“In Michigan, you plead in excess of $ 25,000, but we’re not prepared to give a specific amount at this time,” Bret Schnitzer, Best’s attorney, told USA TODAY Sports. “Unfortunately, with these types of injuries, as has been documented, the long-term effects of the injuries to the brain may not manifest themselves for a number of years. Jahvid, obviously, had some manifestation of concussion syndrome, which is well-documented in the media.
“But in terms of the full extent of the injury to the brain, as we can see from other players and from the science, that can’t always be determined in a 25-year-old. It’s just like mesothelioma or asbestos type of case … it sometimes takes decades to see the full ramifications of the injury.”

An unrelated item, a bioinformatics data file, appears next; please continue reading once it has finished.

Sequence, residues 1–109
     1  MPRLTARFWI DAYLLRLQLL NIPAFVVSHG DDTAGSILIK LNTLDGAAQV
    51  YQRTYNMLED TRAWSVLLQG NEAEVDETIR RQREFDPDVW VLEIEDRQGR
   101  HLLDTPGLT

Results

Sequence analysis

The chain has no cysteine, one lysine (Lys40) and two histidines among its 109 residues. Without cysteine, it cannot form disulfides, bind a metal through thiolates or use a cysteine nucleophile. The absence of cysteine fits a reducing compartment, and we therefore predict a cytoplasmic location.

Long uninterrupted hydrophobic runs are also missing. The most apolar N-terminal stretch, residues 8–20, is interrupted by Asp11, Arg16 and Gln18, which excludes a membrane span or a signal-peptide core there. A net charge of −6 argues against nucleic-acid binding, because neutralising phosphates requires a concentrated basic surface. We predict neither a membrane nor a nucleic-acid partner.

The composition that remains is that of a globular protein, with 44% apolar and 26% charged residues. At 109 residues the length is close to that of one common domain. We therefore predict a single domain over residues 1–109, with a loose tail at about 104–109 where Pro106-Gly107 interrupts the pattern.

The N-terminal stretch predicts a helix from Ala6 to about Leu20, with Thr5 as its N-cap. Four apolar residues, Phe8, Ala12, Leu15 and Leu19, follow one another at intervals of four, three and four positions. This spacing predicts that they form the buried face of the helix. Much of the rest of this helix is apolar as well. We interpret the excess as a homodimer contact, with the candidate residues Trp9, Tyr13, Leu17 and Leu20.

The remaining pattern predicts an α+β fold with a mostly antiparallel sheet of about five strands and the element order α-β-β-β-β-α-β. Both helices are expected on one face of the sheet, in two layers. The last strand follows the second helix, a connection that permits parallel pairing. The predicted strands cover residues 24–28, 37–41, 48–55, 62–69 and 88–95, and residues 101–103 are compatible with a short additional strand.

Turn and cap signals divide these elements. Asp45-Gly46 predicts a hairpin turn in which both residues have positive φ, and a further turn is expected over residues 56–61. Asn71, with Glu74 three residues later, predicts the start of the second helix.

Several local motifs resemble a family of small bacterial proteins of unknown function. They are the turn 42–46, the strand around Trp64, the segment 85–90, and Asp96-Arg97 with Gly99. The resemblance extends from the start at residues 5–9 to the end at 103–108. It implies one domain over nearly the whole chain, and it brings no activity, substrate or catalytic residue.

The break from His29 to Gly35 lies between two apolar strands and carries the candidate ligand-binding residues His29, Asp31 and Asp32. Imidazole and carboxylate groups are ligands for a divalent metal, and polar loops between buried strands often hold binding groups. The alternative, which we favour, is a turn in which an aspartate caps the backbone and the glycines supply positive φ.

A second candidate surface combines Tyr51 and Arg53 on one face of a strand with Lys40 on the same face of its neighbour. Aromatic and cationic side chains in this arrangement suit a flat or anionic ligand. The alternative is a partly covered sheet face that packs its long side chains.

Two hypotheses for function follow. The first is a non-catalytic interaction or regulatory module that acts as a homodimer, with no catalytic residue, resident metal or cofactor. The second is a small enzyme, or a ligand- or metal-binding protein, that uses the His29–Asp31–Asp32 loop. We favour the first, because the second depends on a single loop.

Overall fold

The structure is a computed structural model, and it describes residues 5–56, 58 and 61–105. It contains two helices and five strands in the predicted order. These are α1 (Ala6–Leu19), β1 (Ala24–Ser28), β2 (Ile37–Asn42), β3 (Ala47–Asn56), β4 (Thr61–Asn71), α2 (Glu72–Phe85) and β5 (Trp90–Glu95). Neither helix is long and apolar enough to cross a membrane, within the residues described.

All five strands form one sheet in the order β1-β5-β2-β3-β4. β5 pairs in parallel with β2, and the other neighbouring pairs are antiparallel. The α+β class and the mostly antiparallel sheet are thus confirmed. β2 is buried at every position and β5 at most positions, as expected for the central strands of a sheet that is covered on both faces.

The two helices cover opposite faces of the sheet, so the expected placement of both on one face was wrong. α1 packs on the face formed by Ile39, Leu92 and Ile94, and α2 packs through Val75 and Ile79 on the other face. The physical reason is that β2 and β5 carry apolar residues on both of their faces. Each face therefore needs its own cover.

Best had a history of concussions prior to entering the NFL, and it will be interesting to see if his attorney can prove the league is negligent.
Despite a concussion history, Best was a first-round pick by Detroit in 2010. Best rushed for 555 yards and four touchdowns as a rookie, plus had 487 receiving yards and two touchdowns. He had 390 rushing yards and two touchdowns, plus 287 receiving yards and one touchdown, before sustaining a concussion in 2011. Best was never medically cleared to play football, and Detroit released him in 2013.
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The standard feature set and map quality of many of the leading navigation apps on iOS has increased dramatically over the last twelve months. Simply getting from point A to point B is no longer the goal: Many have branched out to include some unique and useful features like the sharing of route position updates and even a nighttime heads-up display.